“By night all cloaks are black.” – Jojen Reed, A Storm of Swords
The end of Game of Thrones is near, my fellow bannermen, and soon we will be living in an endless winter that is life without Lyanna Mormont and her dry Northern sass.
Game of Thrones drips with symbolism in even the most minute details—the show’s creators clearly inject every scene with several layers of visual meaning. One of the most interesting examples is the use of color to convey a story. From the very first episode of season one, the creators use color to build a plotline in ways both obvious and subtle.
If we look at three of our still-living female characters (Cersei Lannister, Daenerys Targaryen, and Sansa Stark) we can see a shift in the color of their clothing that mimics their paths—and the path of the show in general. Despite their disparate experiences, all three of these characters’ costumes are now drained of color, and they almost always wear all-black or nearly-black… Could this denote their rise to power, or the sorrow they’ve faced, or is this symptomatic of the entire show’s shift towards darkness?
Let’s flesh this out, but beware—when you play the game of tones, you either win or you dye (send me to the wall for that pun, I beg of you).
Hover or tap the color gradient to explore each season
Cersei Lannister’s journey is one marked both by a dogged desire to claw her way to the most powerful position in Westeros and her ignorance of the consequences of such a persistent pursuit. Initially, Cersei wears colors that denote her status as Queen—she’s closer to power than the entire realm but robbed of any true taste of it because of her gender, so her clothing is muted and passive. Her treacherous ladder to true power ends with her ascension to the Iron Throne (wearing all black), but her children’s’ corpses lay beneath the bottom rung.
At first Cersei wears solely muted pinks, soft blues, and the gold of house Baratheon, with some Lannister red creeping in (see Seasons 1 and 2). Pink, notoriously associated with femininity in the Western world, denotes tenderness as it’s the softer cousin to red’s fiery passion (and a nod to the fiery Lannister red we all know lurks within her).
Pink is known to have a calming effect. Curiously, Cersei wears this color in situations where she is utilizing her secondary position of power while still trying to remain fairly innocent. In a conversation I had with Casual Films’ Kat Smith, film creative and GoT fan, she suggested Cersei’s color choices in early episodes are an attempt to “gain the court’s favor by playing passively.” The most vibrant color she wears in the first season is a bright emerald green, worn immediately after Robert’s death (that she orchestrated).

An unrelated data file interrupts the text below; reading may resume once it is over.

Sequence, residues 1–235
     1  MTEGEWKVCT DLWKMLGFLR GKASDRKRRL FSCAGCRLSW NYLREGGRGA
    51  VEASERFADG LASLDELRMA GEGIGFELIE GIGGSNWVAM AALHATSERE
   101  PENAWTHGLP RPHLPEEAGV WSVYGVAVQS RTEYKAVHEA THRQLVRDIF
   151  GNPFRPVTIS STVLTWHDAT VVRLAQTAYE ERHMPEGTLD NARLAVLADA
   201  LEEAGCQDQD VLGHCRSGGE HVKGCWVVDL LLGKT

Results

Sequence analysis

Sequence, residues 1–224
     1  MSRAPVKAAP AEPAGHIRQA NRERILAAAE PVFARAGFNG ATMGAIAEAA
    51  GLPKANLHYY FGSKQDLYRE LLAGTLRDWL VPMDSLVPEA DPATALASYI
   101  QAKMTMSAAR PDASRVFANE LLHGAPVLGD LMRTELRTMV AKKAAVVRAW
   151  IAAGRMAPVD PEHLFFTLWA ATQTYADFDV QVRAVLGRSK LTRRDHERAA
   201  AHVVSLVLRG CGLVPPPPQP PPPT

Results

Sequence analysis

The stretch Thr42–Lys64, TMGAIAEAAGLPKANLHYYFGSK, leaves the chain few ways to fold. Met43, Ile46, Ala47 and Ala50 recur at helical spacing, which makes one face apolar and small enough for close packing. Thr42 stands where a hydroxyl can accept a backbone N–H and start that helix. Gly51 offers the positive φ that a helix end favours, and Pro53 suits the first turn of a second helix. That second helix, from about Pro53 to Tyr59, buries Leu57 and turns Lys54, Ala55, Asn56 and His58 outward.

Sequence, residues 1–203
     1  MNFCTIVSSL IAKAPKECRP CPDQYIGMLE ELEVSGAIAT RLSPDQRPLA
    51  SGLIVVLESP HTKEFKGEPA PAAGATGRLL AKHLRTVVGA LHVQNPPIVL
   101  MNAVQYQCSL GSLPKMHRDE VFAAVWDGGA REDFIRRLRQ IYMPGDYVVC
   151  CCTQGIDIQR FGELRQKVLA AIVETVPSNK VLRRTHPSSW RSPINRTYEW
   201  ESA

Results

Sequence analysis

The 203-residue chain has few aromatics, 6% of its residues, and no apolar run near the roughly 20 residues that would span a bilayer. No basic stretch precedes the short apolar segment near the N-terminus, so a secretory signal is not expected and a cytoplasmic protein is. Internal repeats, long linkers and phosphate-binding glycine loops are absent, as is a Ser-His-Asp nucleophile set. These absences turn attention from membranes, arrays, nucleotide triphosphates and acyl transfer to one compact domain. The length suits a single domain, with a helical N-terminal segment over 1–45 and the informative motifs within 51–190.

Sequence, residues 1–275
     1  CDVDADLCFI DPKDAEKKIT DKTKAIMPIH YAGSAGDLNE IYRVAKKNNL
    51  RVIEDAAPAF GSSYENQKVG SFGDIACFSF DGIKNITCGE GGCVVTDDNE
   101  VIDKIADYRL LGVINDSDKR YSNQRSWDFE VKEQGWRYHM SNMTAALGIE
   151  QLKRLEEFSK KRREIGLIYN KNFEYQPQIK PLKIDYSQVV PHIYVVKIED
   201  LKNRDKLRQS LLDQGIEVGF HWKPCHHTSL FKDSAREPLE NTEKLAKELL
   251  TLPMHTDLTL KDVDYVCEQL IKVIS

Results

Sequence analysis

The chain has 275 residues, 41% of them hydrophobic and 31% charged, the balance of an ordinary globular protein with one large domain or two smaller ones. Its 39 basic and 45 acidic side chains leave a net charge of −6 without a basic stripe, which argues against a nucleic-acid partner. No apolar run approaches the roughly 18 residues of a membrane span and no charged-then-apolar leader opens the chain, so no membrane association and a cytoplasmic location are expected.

As she gains power in King’s Landing throughout Seasons 2 and 3, Cersei’s muted wine reds intensify into hyper-saturated blood reds. John LaRue, graphic designer, data visualization enthusiast, and creator of this badass Breaking Bad color infographic, told me that “red is a color she wears when she’s most fiercely loyal to her family, as the Lannister sigil is bathed in red and gold.” Cersei’s clothing fades again into soft mulberries during Margaery Tyrell’s rise to power in Season 4. After the death of two of her three children, Cersei dons black in mourning, but returns occasionally to faded reds and pinks, mostly when her power is checked or when she’s in the presence of her brother-lover, Jaime (see the end of Season 5 into the start of Season 6).
Cersei’s destruction of the Sept of Baelor, murderous rampage, and the subsequent death of her last remaining child, Tommen, sends her into a chasm of which she cannot return. And chasms, like Cersei’s clothing, are dark black. She has not worn a color other than black since the second episode of Season 6.
Hover or tap the color gradient to explore each season
Daenerys Targaryen’s color journey represents the path of an exiled woman, leagues away from her home country, who is attempting to find her footing as the “true” leader of Westeros. She seems to adopt the clothing that fits either her status or her surroundings, shifting between the light colors of virginal bride-to-be, the saturated colors of the mysterious lands she travels through, and the browns of her adopted people (the Dothraki), before settling into her color identity and her title as Targaryen Queen of the Andals and the First Men (and all those other titles poor Missandei has to say every time she’s introduced).
The first time we meet Daenerys in Season 1, she is wearing blush pink to denote her sensuality—after all, she is being used as a sexual pawn to ensure the loyalty of Khal Drogo and his Dothraki to her brother, Viserys. Her second outfit is a grey-lilac that is entirely sheer, exposing her body. Until she begins to wear the browns of the Dothraki, showcasing her desire to assimilate with them, Dany only wears light pastels.
After the death of Khal Drogo and the birth of her dragons, Dany travels to the colorful city of Qarth, and her clothes reflect this movement (Season 2). She mimics the clothing and colors of the Quartheen, wearing rich golds, saturated blues, and pinks. Dany attempting to rule across the narrow sea among slavers and gladiators is a Dany clad in stately royal blues that gradually shift to whites, denoting her mental and physical separation from the people she is attempting to rule (see Seasons 3, 4, and 5). After she is briefly taken hostage by another Dothraki horde, where she returns to earthen tones, Dany shifts to wearing exclusively black (Seasons 6 and 7). When we spoke, LaRue mentioned that black “can denote power and authority,” something Daenerys finally has in the Seven Kingdoms. As the last Targaryen alive and finally on Westerosi soil, Dany wears mostly black, with the occasional Targaryen red and shimmering silver thrown in to mimic the scales of her dragons. The only outlier is when she goes beyond the Wall to assist Jon in his fight against the Night King, dressed in white, a color that represents the absence of color and mirrors her to the Night King and the climate in which he thrives (RIP Viserion, baby).